At three in the morning the day of the Olympic Time Trial, my phone went off, and by went off, I mean went off. Twenty five notifications in the span of a minute. Kate, wake up.
I managed to roll out of bed, drag myself into my office and turn on the GCN livestream, and there was Primož Roglič, all alone, a minute ahead of the others, his face the picture of poised determination.
As I watched this, watch him cross the finish line and keep going as though to make a further point, I was stunned. I myself had seen firsthand the carnage Roglič suffered during the third stage of the Tour. I stood there and watched him roll in, half his body raw from his short affair with the pavement, his face the picture of agony. For the few days after that, he struggled, labored tangibly.
Roglič’s Tour campaign was over. It was abundantly clear that it was over. And yet, during the time trial on stage five, he persevered, managing, despite being half mummified with bandages, to finish seventh.
It was the last day I would see him in good spirits, offering Jonas Vingegaard his blessing, a big smile on his face; the last day during that race where he was, as they say, a contender. A few days later, he would arrive in Le Grand-Bornand nearly the lanterne rouge. Roglič had burned his candle and soon he would go home. In Tignes, I stood outside the press hall and watched the race come in. Across the street, Roglič’s partner Lora Klinc, cheering on his teammates, notably without him.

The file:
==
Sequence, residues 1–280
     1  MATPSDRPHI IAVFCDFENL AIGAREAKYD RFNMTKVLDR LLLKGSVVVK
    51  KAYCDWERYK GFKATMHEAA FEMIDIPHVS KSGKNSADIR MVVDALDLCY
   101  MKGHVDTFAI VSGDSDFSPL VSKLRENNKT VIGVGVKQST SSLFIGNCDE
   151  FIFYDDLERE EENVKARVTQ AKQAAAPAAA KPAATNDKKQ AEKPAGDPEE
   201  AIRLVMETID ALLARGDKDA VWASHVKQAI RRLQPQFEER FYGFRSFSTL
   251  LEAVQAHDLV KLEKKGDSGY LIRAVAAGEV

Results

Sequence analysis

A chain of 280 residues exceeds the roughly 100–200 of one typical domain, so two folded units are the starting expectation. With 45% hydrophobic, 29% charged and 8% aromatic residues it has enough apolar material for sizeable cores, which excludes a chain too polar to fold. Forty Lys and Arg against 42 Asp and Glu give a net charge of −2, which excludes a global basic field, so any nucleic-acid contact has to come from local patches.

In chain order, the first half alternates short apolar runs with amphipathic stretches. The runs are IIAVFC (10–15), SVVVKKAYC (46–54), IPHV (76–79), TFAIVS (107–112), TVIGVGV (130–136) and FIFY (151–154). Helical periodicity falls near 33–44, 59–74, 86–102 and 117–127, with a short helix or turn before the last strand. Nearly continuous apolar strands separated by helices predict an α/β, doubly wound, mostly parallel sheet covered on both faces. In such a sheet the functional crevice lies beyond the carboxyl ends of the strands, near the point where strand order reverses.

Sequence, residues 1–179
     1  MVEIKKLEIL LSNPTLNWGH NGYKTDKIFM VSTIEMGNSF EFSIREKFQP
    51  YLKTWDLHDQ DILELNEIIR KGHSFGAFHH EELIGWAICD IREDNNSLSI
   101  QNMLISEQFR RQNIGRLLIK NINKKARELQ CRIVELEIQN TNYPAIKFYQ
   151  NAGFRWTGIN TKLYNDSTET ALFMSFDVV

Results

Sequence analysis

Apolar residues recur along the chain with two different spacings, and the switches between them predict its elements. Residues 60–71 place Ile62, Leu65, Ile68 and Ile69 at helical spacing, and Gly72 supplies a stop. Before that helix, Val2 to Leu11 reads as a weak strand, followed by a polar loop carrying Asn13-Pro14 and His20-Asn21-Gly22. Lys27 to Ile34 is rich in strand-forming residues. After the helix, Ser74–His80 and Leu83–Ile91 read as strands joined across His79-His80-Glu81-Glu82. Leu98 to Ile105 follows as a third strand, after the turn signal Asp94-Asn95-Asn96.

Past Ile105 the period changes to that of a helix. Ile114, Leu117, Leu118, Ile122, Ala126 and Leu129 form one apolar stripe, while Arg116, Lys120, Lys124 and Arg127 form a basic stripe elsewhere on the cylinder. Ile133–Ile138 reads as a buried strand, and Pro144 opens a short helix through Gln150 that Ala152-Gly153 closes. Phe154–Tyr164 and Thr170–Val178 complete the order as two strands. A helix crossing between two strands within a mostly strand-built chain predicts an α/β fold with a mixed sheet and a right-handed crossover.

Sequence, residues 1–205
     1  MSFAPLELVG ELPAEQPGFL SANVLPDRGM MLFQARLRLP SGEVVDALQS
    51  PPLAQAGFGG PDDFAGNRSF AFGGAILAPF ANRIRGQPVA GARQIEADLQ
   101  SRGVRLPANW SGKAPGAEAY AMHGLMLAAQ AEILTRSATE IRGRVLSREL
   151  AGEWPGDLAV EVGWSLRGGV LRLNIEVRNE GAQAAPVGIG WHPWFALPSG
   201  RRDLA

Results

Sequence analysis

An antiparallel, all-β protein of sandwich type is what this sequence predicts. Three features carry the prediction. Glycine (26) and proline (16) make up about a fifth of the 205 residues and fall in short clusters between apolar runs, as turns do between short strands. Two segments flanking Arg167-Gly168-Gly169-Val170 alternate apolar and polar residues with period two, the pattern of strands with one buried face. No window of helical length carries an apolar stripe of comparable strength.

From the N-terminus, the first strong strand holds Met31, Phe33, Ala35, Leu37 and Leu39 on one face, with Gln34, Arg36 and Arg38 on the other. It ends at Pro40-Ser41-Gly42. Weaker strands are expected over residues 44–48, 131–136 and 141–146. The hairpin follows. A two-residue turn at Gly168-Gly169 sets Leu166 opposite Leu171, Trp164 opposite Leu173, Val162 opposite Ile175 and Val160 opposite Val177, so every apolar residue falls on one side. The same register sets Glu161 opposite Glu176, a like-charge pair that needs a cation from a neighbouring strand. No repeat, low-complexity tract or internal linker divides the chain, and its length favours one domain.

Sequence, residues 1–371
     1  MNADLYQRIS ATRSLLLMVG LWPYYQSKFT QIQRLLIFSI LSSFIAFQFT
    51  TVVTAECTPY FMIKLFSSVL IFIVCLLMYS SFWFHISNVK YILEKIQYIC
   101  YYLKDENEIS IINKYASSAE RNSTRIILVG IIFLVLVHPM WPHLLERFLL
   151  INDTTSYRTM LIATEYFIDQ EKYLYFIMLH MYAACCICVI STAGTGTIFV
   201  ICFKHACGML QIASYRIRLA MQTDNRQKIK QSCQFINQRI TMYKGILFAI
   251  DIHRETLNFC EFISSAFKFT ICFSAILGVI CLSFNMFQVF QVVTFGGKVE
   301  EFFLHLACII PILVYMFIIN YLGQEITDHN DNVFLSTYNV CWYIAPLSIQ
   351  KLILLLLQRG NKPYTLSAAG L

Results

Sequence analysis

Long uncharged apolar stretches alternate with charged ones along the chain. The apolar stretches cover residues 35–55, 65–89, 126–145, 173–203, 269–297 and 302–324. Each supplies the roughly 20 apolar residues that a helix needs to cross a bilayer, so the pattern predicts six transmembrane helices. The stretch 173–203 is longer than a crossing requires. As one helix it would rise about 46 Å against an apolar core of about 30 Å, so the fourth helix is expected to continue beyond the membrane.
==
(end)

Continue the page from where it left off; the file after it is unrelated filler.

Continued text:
To be honest, it was a waste. All that training, all that effort, all that experimentation with scheduling and race days (which very much could have done him in to begin with – too many days off the bike may have dulled the senses, but who knows for sure).
As for the crash on stage three, it was a simple accident. Roglič went into a space that wasn’t there and Colbrelli didn’t let him in. Whether one or the other was at fault is irrelevant at this point.
Even then, on stage three of the Tour de France, there was talk of the Vuelta a España. When I asked Roglič’s press officer in passing whether he’d do the Vuelta before stage six, he said it was likely only if he abandoned the Tour. Well, in Tignes, he abandoned, but the official announcement wouldn’t come for a few weeks later.
It’s a familiar pattern for Roglič – fail in France and find redemption in Spain.
A particularly striking characteristic of the Slovenian compared to his contemporaries is that when Roglič loses, he really loses. His failures are catastrophic, explosive, and often, as we saw in the Tour last year, unexpected. Sometimes, he himself is to blame – admittedly, he’s not the best bike handler in the peloton – and sometimes, as in that fateful day in September on La Planche des Belles Filles, they’re not.
However, the Vuelta, with its reliable schedule of brutalizing climbs and time-trial heavy routes, seems to be his race, to the point where he’s becoming a bit of a specialist, the likes of which we haven’t seen in decades.
Even in this year, which is by far his most disappointing since the days before his ascendancy, Roglič still pocketed wins in Itzulia Basque Country and the Olympic time trial (both putting to bed any recency bias that he is is a middling or fading time trialist.) Still, if Roglič manages to pull off a win in Spain, it would be a massive feat, one that would right the wrongs of a year he would likely want to forget, glimmering moments of triumph be damned.